That is the question...
In my previous post I talked about preparation being key to a great finish, whether to prime or not is an important question to ask during your preparation. The surface has to be clean and free of dust, grease, impurities and anything that could prevent the top coat of paint from adhering to the surface.
The newly engineered paints that have paint and primer in one - often lead customers astray and place an unnecessary burden on the budget. Yet, these paints have come a long way and do serve a valuable purpose to the consumer. On small jobs with little repair, the first coat doubles as the primer coat. This does save time and money, however, these paints do tend to cost more. A gallon of primer is one of the least expensive paints to purchase, yet can streamline a job and save hours of heartache. Let me give you a few example:
- ALKYD PAINT: This is a no brainer to me. Back in the day, most oil paints were lead based. Rather then touch it, I PRIME IT! A light buffing/sanding is often recommended prior to priming to ensure proper adherance to the surface, if so, mask off - be safe!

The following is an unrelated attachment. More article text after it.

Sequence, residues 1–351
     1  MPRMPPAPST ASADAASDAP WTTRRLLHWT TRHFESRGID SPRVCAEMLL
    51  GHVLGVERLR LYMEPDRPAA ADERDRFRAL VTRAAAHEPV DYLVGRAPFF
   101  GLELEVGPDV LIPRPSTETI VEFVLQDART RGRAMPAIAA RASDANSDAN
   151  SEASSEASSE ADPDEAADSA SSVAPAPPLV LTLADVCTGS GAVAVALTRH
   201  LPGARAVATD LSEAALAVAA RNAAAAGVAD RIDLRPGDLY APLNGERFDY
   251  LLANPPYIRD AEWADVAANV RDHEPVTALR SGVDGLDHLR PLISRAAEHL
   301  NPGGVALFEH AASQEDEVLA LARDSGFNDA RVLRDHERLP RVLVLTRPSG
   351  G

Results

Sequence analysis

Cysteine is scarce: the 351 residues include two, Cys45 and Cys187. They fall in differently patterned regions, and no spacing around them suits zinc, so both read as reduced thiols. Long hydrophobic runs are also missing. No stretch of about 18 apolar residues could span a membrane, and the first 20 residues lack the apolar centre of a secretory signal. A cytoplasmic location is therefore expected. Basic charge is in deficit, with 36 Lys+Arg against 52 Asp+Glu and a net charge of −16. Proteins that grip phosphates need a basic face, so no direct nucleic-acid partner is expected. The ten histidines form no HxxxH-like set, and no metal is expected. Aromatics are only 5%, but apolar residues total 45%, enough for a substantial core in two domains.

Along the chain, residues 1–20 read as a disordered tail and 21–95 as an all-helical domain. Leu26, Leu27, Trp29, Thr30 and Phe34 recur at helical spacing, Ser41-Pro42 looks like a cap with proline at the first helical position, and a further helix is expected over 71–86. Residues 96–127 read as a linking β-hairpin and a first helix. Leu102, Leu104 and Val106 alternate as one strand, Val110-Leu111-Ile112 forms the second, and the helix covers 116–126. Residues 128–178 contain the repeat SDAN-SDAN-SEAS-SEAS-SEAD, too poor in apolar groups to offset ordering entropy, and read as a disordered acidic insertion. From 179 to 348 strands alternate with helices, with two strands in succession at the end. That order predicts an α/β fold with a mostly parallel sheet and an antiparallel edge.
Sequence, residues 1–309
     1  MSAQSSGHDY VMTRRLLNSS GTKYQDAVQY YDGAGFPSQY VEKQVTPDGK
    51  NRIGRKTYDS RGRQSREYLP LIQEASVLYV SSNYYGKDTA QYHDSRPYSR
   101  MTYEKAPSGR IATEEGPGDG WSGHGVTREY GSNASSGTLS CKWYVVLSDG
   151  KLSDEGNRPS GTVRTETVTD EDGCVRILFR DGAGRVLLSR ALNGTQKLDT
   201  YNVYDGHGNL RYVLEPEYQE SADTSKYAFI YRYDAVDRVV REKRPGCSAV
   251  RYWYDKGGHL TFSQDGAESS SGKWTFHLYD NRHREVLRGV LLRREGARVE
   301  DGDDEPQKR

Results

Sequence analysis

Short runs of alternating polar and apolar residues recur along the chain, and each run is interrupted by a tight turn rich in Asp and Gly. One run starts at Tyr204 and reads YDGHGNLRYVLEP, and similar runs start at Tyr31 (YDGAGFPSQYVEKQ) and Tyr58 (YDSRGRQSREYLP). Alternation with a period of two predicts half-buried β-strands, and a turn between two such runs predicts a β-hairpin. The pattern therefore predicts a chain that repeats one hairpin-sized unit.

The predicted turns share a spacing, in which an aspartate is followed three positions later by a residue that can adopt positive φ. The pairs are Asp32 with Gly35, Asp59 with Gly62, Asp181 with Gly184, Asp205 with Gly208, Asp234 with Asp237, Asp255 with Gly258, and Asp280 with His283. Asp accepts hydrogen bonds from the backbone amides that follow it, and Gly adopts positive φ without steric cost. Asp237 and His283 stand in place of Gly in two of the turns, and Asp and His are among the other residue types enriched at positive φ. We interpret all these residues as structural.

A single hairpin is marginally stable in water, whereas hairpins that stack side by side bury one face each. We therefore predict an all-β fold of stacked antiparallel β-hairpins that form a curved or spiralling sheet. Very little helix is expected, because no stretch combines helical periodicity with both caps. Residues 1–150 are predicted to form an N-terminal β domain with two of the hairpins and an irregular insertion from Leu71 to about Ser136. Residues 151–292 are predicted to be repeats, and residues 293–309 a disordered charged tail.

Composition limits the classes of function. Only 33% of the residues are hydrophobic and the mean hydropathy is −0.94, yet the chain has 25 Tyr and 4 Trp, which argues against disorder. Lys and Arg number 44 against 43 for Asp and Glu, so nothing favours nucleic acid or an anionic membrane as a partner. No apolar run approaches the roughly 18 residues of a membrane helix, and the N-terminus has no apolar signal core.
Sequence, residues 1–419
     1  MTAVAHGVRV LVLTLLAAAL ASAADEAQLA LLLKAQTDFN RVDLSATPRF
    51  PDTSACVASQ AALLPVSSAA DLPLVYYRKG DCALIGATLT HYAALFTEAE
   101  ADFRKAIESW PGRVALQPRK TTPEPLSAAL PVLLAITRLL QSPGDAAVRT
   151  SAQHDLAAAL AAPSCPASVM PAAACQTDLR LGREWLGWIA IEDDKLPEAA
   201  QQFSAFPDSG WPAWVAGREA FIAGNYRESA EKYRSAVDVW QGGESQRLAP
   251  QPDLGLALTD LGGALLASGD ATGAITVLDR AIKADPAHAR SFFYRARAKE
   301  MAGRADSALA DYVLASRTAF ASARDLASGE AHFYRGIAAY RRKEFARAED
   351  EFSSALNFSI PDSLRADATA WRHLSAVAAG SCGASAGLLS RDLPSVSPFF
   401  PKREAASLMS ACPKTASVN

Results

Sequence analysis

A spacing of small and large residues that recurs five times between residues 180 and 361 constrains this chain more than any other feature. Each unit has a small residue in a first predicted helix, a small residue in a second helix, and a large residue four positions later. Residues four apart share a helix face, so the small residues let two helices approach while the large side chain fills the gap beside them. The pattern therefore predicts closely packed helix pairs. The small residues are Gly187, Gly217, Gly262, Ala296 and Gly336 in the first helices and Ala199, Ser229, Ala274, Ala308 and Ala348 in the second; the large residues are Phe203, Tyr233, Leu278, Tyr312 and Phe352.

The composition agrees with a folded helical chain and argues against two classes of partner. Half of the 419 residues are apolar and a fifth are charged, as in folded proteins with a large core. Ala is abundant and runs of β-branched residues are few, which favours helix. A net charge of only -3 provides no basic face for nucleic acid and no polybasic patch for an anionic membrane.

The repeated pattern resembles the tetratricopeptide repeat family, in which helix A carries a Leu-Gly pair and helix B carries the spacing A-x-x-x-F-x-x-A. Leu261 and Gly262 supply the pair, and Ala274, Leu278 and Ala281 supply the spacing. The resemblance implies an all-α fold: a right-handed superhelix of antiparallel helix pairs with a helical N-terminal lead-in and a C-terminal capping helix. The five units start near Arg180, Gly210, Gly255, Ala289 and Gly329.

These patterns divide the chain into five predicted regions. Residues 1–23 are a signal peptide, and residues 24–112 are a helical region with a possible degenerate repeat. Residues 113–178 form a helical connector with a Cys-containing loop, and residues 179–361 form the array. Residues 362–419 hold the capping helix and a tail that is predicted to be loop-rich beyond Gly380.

- DRYWALL: Preparing to paint over new drywall? PRIME!
- PATCHING: If there is a lot of patching required - SPOT PRIME (either use the paint/primer in one as a spot primer, or use a primer to coat all the patches).
- WALLPAPER: If you've just removed wallpaper and discover the surface to be oil paint or the wall needs significant repair before you can paint, PRIME first with a good latex primer to lock/block that wall.
- WOOD TRIM: PRIME the new wood first with a brush, then once dry, take a sponge pad (150 grit) and buff the trim before topping it.
- SILICONE: Latex paint will NOT adhere to it - the paint will creep. You need to PRIME first. Use a lacquer based primer like BIN Shellac based primer, it sticks to everything and dries extremely quickly. (20min)
- MELAMINE or TILE: Use an all surface primer, often alkyd/oil based that adheres well to any surface. I've always hestistated to paint tile - just me I guess! I find the finish to be too textured even with the right primer and top quality paint, but I've done it and yes, I admit, it looked okay. The texture bugged me.
This list is in no way comprehensive, but it does give you an idea of when to prime or not. If you're concerned whether paint will adhere to a 'slick' surface, start by buffing/sanding it then prime. You won't regret it.
Happy painting and Happy day!
Please leave any comments or helpful tips you've discovered. Thanks for reading.